Mahmut Çınar / DUVAR
Fleeing political pressure and economic troubles, many musicians have left Turkey and resettled in the West. Most are content with their new lives and have left behind lower wages and precarious working conditions.
Clarinetist Saygın Akbudak is one. Two years ago, he decided to give up on his career in Turkey and move to England with his wife and children.
While he first considered moving to Germany, Akbudak and his family eventually opted for the UK as they could meet the terms of the Ankara Agreement and believed the language barrier would be less of an obstacle.
Akbudak and his wife say they left Turkey because of ‘femicides’, ‘rape’, ‘child abuse’, and ‘insufficient criminal punishment’.
Akbudak has enjoyed fruitful experiences in the UK. “I am involved in several different projects here, we’re recording both live performances and albums,” he said.
“With Erhan Öztürk, who recently settled in London, we’re recording a ‘Gypsy Jazz’ album and I both record music and perform concerts Suna Alan, who has been here for many years and performs Kurdish and Turkish works.”
Bass player Cem Tuncer, on the other hand, moved to London for “his child’s future.” In London, he has ceased working in the live music scene and has founded a production company.
Fuat Talay, who has lived in Denmark since 2000 and has managed to pursue his music career, left for political reasons. He fled Turkey after a court there sentenced him to jail for political activities he took part in during his time at university.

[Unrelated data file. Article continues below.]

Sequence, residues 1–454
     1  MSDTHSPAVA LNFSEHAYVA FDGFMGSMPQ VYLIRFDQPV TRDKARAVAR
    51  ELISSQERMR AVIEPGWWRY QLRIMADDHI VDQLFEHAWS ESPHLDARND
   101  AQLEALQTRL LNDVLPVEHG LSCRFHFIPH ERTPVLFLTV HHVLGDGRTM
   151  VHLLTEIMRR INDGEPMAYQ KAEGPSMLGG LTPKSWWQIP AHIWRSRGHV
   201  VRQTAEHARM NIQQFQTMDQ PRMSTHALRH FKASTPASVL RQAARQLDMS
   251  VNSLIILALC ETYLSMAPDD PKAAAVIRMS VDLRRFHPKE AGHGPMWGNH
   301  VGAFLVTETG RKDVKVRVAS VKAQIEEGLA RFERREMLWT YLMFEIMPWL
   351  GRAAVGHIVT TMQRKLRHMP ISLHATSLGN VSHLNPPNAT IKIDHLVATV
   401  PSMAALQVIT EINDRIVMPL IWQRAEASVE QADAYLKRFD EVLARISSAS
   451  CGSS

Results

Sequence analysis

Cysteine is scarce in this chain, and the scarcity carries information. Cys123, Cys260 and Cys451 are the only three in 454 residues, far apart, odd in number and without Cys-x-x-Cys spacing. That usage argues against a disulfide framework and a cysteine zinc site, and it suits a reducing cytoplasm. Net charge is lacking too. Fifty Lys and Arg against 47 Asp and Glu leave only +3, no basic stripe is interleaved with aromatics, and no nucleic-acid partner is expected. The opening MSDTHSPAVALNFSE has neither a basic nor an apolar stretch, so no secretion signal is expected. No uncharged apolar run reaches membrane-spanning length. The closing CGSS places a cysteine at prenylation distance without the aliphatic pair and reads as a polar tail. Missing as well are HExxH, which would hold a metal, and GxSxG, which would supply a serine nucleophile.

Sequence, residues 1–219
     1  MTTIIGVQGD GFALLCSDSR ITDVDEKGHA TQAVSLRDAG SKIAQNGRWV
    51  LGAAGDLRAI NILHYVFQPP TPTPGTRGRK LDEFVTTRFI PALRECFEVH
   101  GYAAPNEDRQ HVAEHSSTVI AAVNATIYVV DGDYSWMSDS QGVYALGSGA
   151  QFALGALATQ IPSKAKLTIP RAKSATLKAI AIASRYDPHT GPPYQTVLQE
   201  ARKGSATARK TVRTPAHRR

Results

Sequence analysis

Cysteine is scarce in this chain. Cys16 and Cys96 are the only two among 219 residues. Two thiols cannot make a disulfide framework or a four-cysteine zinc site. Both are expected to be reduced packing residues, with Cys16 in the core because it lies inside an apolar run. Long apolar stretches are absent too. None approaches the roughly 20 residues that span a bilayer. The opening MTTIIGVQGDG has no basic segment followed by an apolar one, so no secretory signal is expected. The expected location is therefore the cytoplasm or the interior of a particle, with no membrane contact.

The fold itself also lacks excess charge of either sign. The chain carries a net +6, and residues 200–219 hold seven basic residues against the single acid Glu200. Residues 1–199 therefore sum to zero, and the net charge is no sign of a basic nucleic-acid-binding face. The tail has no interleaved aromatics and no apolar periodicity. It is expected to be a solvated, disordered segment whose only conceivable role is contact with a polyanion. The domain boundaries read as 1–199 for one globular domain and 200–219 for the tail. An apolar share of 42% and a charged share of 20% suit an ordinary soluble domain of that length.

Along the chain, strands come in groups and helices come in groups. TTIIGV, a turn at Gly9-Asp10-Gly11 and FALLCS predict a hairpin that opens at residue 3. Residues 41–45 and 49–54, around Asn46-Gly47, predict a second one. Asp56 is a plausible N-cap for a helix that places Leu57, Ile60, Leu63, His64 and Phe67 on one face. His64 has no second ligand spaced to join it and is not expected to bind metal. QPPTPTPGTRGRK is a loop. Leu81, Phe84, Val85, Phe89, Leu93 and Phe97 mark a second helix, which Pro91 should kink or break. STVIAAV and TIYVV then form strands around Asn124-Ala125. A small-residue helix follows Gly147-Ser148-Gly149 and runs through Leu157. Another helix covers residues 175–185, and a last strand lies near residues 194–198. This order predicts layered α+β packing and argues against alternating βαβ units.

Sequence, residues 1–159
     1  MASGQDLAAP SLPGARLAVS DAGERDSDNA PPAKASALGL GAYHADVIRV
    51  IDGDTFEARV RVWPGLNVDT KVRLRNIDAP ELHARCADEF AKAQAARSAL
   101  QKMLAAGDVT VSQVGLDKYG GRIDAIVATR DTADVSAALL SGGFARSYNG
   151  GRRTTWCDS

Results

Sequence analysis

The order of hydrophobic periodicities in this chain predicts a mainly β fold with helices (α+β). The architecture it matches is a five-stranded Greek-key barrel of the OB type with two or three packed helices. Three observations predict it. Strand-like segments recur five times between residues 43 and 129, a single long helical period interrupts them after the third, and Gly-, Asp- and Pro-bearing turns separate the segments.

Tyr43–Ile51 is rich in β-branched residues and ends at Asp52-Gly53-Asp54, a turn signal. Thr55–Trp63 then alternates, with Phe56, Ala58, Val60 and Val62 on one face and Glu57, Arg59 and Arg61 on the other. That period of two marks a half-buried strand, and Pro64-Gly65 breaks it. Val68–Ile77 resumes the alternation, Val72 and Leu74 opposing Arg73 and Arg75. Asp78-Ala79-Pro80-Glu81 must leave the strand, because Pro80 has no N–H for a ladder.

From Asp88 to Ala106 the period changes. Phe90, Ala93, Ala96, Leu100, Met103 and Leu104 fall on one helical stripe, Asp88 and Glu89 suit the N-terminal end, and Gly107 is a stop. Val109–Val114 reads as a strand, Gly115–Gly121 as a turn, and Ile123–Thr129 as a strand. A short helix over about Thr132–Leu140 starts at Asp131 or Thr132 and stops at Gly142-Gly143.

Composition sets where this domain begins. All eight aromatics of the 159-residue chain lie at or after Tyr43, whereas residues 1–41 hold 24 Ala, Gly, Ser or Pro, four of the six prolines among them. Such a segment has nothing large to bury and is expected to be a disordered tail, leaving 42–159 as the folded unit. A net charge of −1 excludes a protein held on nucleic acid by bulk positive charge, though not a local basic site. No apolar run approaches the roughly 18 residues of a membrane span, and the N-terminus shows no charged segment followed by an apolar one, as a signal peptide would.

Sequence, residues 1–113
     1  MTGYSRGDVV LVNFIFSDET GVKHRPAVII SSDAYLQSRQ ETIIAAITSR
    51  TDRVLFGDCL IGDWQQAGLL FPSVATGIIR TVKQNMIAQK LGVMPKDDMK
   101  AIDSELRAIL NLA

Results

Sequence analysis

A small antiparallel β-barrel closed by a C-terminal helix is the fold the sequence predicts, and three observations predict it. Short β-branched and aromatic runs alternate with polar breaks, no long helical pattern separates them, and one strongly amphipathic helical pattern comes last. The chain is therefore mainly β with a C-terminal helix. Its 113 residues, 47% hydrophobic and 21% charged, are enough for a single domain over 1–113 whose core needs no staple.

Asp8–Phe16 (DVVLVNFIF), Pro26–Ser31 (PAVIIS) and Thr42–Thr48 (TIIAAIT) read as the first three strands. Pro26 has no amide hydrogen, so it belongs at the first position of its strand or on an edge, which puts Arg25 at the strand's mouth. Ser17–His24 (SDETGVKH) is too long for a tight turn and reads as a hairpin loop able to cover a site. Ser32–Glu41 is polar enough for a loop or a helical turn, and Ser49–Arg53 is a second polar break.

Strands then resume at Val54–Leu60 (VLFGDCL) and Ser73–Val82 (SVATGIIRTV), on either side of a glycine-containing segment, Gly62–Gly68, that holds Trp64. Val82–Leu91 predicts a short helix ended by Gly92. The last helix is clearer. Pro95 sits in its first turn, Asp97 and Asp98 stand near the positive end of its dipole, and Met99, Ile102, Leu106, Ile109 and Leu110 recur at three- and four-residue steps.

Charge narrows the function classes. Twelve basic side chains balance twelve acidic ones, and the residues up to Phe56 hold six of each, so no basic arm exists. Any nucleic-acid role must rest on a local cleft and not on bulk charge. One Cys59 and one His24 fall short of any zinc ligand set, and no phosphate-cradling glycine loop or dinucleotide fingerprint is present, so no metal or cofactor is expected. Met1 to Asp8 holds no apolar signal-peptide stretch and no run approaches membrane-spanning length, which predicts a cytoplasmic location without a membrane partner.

“I left the country with nothing but a bağlama,” Talay said.
“Since I left, I have worked with Norwegian artists and have met many Kurdish and Turkish musicians living in Europe. At the behest of the Swedish Ministry of Culture, we even released a traditional folk music album called ‘Back to Anatolia’ with Hakan Vreskala, Ismet Demirhan and Sabahat Akkiraz. We’ve been organizing Anatolian music concerts for years with woodwind instrument player Cahit Ece, who also lives in Denmark.”
According to Talay, the conditions for musicians between Denmark and Turkey are incomparable.
“The fact that you can get paid for your hard work here, and that you don't have to face much economic difficulties means it’s unnecessary to work in the live music market. You can perform your art the way you want and find the opportunity to present it. The organization of the musicians is also very good, both in terms of associations and unions. Financial support provided by the state also helps your artistic work a lot,” he said.
Another example is Olcay Bayır, who was listed as ‘one of the best and most interesting singers in Britain’s world music scene’ by The Guardian. The child of Alevi and Kurdish parents, Bayır immigrated to England for economic and political reasons.
“I think I can express my music better in Europe,” she explained. “World music is a well-known musical approach in Europe, which has a lot of influence. The European audience appreciates my music and style. I can easily practice my art here.”
Though she encountered some difficulties during the pandemic, Olcay Bayır plans to perform concerts in different parts of England in the near future and will take part in a program with BBC Radio 6.